How To Secure Your Wireless Network: Identifying Rouge Wireless Devices

rouge wireless devicesDetecting rouge wireless devices can be a headache if not performed properly. I’ve asked customers “How do you ENFORCE your zero wireless policy?” and received many answers. Example one is “We have random sweeps with wireless detectors” which are only good at the time of the sweep and range of the detector. Example two is “We use network access control (NAC) so plugging in rouge wireless devices will be denied” which can be bypassed by having an approved laptop act as a wireless bridge. Example three is “We have wireless scanners in our building” however are they certified for all frequencies or are you missing devices on other frequencies? Here are some tips for properly detecting rouge wireless devices.

It’s extremely important to automate access control to any part of your network. Regarding the LAN, see my blog on Network Admission Control HERE. For wireless, walking the halls with a scanner such as a Fluke appliance or laptop detection software is not a reliable practice. I’ve heard stories of users powering down devices to avoid detection or rouge wireless devices on the edge of a campus being out of range or hidden behind a wall. Plus manual methods are time consuming and leave vulnerability gaps between scans.

Relying on LAN access control technologies such as port security or Network Admission Control (NAC) may stop rouge wireless devices plugged into the network however will not detect approved devices such as laptops becoming wireless bridges. Some examples could be a nearby Starbucks offering wireless near your campus, which a user could be connected to the cooperate LAN and Starbucks wireless network simultaneously. A common virus known as “Free WIFI” could turn your endpoints into open wireless bridges that permit anybody in range of your campus free WIFI access to your network.

One solution to prevent endpoint wireless bridges is locking down endpoints with software that disables wireless use when physically connected to the LAN. This may work for trusted endpoints however fails if guest or contactors are permitted on the network without security software enforcing the zero wireless policy. A better solution is developing a wireless detection solution using WIDS WIPS (Wireless Intrusion Detection / Prevention) even if you do not plan to provide wireless access. See my blog on defining WIDS WIPS HERE. Using a wireless detection solution with WIDS WIPS can detect all forms of wireless including approved LAN devices exposing rouge wireless access. It’s also wise to include data security using Data Loss Prevention (DLP) and encryption to provide defense in depth in the event your access layer is bypassed.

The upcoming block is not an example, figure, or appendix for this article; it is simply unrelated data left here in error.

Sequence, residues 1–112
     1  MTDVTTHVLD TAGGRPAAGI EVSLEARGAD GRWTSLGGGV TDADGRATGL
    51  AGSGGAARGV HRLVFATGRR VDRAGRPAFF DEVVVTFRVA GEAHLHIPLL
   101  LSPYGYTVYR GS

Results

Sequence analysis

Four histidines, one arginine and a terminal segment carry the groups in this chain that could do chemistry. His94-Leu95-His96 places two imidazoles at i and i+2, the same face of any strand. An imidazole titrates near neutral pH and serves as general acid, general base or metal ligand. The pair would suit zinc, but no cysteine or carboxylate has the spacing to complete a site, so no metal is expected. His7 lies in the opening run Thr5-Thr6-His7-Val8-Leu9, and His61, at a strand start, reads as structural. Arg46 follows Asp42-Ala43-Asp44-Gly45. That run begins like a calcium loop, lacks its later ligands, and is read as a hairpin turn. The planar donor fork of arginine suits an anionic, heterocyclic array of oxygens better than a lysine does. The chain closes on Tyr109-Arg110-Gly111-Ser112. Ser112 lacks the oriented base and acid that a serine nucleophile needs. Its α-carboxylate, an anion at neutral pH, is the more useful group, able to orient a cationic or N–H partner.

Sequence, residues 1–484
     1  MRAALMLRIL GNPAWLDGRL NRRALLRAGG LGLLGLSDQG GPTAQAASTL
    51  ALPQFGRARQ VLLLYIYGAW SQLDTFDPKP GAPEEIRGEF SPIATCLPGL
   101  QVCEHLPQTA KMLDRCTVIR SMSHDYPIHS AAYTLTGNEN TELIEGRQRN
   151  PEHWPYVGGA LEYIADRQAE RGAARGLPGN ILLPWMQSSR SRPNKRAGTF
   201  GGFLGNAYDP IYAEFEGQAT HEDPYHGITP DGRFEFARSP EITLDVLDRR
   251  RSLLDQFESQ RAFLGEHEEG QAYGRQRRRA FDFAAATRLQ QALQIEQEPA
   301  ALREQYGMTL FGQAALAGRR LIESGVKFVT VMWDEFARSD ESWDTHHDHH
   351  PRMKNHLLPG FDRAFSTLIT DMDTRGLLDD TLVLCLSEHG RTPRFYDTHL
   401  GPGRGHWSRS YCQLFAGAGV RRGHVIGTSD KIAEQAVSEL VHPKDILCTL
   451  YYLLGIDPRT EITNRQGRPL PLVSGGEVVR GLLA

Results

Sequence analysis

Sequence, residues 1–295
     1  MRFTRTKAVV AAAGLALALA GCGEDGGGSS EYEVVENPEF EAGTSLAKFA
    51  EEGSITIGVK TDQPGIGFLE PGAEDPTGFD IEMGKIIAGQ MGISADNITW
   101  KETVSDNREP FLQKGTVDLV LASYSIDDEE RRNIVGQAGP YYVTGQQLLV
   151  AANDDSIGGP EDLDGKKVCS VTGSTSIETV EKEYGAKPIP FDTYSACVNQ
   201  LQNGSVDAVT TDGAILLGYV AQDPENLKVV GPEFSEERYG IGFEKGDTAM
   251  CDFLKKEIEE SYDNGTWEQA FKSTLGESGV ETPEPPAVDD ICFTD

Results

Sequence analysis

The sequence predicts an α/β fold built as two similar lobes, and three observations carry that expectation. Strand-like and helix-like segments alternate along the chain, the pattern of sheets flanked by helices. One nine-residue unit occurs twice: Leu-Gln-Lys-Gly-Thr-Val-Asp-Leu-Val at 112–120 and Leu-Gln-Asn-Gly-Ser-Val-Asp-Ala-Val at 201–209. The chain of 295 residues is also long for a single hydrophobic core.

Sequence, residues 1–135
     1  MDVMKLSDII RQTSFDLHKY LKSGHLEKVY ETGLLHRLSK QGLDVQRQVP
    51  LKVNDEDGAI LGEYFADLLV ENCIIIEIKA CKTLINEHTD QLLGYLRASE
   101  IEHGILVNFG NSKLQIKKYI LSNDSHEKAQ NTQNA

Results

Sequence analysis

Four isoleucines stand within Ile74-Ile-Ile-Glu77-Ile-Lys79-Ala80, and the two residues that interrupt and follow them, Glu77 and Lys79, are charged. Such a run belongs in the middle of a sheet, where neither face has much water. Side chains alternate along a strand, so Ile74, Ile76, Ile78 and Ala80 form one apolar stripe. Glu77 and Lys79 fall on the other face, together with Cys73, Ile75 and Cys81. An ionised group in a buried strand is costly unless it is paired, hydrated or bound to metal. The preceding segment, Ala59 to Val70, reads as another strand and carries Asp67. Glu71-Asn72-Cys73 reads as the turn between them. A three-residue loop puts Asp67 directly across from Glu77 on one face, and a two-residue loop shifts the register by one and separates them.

When developing a rouge wireless detection solution with WIDS WIPS, its best practice to deploy one dedicated WIDS WIPS sensor for every five service providing access points. When enforcing WIPS prevention, your design should be capable of leveraging multiple access points near a identified rouge device to ensure your access points are close enough to drown out the rouge signal. Hardware should be capable of detecting all channels or some rouge devices may be missed.

It’s highly recommended to treat a wireless detection solution with WIDS WIPS to detect rouge wireless devices the same way as designing a solution to provide wireless access. Site surveys are critical to how effective your detection will be. Not planning for obstacles or proper access point placement may leave you with vulnerable areas. The bonus of a rouge wireless detection system delivered properly is the capability to enable wireless using the same hardware if wireless access is desired in the future.

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